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Old 02-13-2009, 10:04 AM
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Where the hell have you been?
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Old 02-13-2009, 10:08 AM
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Great read and video, thanks Ranger. Something to do today for sure.
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Old 02-13-2009, 10:17 AM
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Thanks for sharing this with us Ranger.
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Old 02-13-2009, 10:28 AM
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Originally Posted by jschindler View Post
Where the hell have you been?
without the toe tap...
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Old 02-13-2009, 10:53 AM
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I would like to add that even if you do not shift that aggressively that the clutch fluid will go murky in no time at all. My guess at a good interval would be every 1K miles for mild use.
Thanks Ranger
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Old 02-13-2009, 10:56 AM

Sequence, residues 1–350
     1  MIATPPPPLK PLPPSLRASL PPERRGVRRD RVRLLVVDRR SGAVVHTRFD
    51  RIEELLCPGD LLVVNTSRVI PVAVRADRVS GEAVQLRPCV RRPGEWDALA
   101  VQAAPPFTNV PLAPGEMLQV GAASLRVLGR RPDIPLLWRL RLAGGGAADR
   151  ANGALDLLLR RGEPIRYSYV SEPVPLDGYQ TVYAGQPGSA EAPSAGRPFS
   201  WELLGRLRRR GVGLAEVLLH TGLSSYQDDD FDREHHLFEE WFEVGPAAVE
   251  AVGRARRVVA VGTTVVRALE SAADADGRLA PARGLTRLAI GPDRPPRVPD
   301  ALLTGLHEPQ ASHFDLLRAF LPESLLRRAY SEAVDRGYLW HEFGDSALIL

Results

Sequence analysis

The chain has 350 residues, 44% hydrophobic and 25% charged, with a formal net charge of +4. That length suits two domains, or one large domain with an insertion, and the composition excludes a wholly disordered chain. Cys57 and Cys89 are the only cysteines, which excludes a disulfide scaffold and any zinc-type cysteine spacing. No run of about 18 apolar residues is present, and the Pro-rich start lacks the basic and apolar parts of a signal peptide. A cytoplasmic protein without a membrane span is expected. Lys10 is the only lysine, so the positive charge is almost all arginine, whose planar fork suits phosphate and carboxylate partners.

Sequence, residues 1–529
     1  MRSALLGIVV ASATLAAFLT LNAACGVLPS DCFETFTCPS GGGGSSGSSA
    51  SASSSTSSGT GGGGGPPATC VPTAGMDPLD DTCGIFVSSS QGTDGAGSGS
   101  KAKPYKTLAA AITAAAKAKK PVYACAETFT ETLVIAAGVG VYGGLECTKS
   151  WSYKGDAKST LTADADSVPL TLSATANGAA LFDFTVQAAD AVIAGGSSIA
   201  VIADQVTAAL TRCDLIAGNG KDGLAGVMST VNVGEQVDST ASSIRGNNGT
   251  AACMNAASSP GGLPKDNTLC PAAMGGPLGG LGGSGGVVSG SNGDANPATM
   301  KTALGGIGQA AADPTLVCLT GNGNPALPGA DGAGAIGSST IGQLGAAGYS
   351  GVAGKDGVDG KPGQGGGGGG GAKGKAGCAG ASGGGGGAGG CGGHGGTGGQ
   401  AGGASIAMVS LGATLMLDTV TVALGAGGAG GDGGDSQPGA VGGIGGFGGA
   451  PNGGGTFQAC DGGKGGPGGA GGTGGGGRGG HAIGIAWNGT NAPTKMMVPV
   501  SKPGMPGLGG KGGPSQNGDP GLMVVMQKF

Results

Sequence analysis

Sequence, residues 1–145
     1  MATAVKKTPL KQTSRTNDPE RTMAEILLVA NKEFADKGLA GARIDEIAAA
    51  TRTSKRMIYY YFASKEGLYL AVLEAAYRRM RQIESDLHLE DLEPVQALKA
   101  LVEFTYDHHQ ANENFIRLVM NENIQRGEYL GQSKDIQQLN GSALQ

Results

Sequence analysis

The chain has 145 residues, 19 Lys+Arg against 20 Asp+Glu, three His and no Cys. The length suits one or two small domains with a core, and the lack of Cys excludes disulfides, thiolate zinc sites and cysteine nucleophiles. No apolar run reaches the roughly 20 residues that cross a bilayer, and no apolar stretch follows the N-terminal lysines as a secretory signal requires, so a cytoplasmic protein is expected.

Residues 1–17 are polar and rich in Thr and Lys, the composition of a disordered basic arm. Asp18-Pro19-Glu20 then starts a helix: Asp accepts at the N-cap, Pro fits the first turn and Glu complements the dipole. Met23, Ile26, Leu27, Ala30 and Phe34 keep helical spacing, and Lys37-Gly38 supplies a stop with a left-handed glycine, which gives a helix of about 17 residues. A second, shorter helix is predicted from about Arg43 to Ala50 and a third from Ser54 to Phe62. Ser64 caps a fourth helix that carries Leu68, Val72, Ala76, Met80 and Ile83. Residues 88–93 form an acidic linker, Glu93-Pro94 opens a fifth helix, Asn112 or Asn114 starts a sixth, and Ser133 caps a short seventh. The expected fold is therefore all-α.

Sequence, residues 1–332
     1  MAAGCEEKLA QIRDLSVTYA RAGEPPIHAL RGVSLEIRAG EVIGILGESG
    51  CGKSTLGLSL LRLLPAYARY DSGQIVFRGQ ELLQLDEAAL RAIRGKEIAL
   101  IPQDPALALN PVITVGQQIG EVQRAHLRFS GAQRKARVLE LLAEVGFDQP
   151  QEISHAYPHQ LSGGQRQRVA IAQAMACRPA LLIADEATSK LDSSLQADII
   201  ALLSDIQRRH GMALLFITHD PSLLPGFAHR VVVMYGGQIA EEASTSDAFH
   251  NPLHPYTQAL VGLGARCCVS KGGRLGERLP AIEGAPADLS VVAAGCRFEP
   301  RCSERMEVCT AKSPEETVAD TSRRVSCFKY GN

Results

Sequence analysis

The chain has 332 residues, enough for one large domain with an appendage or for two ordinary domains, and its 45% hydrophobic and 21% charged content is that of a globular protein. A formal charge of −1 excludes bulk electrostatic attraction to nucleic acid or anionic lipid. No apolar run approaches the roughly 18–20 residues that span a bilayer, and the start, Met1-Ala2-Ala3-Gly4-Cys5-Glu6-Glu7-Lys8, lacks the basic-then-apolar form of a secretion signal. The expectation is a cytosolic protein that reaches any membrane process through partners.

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This is why this is the BEST Corvette site in the world....Great Job and thanks for sharing....
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Old 02-13-2009, 11:00 AM
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Thank you...We were just thinking about changing ours. The video is perfect. Thanks again..
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Old 02-13-2009, 12:56 PM
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COOL! Where can I find one of those jumbo reverse hypodermic thingies that was used to suck out the dirty fluid? Last time I did mine I used a turkey baster. It worked but not as good as the one in the video.
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Old 02-13-2009, 01:30 PM
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I can attest to Rangers advice and thank him every day. Since my first "event" I have followed his advice religiously and change the fluid frequently. This problem doesn't sneak up on you, it happens abruptly when you least expect it, so prevention is the operative word. Check that juice every week and/or after every time you "wring her out"!